September 20, 2014

Iowa governor signs onto Florida lawsuit against federal health care

Governor Terry Branstad says the state is signing onto the Florida lawsuit against the federal health care reform law. Tim Albrecht, the governor’s spokesperson, says the lawsuit challenges the individual mandate of the federal healthcare bill that would force Iowans to buy the federal government’s mandate healthcare insurance.

He the law also expands Medicaid, making it very costly with a “one size fits all approach” that he says would force the states to cut other critical programs. Albrecht says the Republican governor is well aware of the impact of the potential impact the health care bill would have on the state budget.

He says the governor is in the process of putting together a five-year budget, and that gives him a clear picture of the impact on Iowa taxpayers. Brenna Findley ran unsuccessfully to become the state’s Attorney General, and signing onto the lawsuit was one of her campaign stands. Findley is now working for Branstad.

Albrecht says Findley is now offering legal advice to the governor on the lawsuit. Iowa is one of six additional states to join the 20 that were already signed onto the Florida suit. Albrecht says Virginia is doing its own lawsuit, so there are now more than half of the states that are challenging the health care reform law and the constitutionality of the health insurance mandate.

Ohio, Kansas, Wyoming, Wisconsin and Maine are the other states that join Iowa in signing onto the suit.

Iowa Attorney General Tom Miller, a Democrat, supports the federal health reform law. His office issued the following statement on the governor’s action:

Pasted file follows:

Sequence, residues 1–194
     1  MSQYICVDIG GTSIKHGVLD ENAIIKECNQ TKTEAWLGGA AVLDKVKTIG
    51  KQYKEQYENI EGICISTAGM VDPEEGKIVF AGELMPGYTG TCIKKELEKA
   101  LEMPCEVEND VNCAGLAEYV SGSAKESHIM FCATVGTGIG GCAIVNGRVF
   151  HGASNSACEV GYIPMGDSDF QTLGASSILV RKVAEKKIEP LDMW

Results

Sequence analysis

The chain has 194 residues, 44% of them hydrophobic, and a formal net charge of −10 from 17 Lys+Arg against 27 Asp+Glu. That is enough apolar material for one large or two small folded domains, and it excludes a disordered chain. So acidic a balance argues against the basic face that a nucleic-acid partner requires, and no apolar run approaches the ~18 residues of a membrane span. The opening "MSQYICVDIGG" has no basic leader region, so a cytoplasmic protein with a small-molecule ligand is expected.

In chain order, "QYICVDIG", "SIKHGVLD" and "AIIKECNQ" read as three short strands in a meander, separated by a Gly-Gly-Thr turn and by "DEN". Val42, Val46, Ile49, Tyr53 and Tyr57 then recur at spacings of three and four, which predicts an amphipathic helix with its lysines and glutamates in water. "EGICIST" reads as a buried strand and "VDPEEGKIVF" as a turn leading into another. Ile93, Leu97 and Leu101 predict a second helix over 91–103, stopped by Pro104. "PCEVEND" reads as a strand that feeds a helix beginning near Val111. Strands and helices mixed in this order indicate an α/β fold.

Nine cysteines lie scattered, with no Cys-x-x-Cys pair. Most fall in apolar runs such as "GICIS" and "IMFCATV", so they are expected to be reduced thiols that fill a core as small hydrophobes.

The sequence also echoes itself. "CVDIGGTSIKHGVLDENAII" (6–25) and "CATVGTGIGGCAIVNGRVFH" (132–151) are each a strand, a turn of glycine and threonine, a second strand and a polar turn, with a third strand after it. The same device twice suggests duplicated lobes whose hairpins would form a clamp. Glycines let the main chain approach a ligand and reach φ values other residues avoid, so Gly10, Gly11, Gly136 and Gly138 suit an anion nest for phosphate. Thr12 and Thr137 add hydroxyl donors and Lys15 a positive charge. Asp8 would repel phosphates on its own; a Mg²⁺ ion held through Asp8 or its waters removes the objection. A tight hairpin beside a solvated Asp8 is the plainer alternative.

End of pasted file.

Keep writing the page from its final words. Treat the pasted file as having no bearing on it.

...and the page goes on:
On November 19, 2010 Attorney General Tom Miller, representing the State of Iowa, joined in an Amici Curiae (friends of the Court) brief supporting the federal government’s argument that the Patient Protection and Affordable Health Care Act (ACA) is constitutional. The brief stated that the law will help states fulfill their goals of protecting and promoting the health and welfare of their citizens.

“Congress, under the powers granted to it under the Commerce Clause, has the full authority to enact legislation like the ACA that has an enormous effect on interstate commerce,” Miller said.

Today, as Governor of Iowa, Governor Terry Branstad signed on in support of the State of Florida v. United States Department of Health and Human Services, et al, lawsuit challenging the ACA.

According to Miller, the control and decision making concerning litigation involving the State of Iowa is within the authority of the Attorney General, not the Governor. “However, in this unusual set of circumstances, given what is at stake for the public, Governor Branstad should have the ability to express his viewpoint as Governor,” Miller said.

The Governor’s action, subsequent to Attorney General Miller’s brief, puts Iowa in the position of both supporting and opposing the ACA.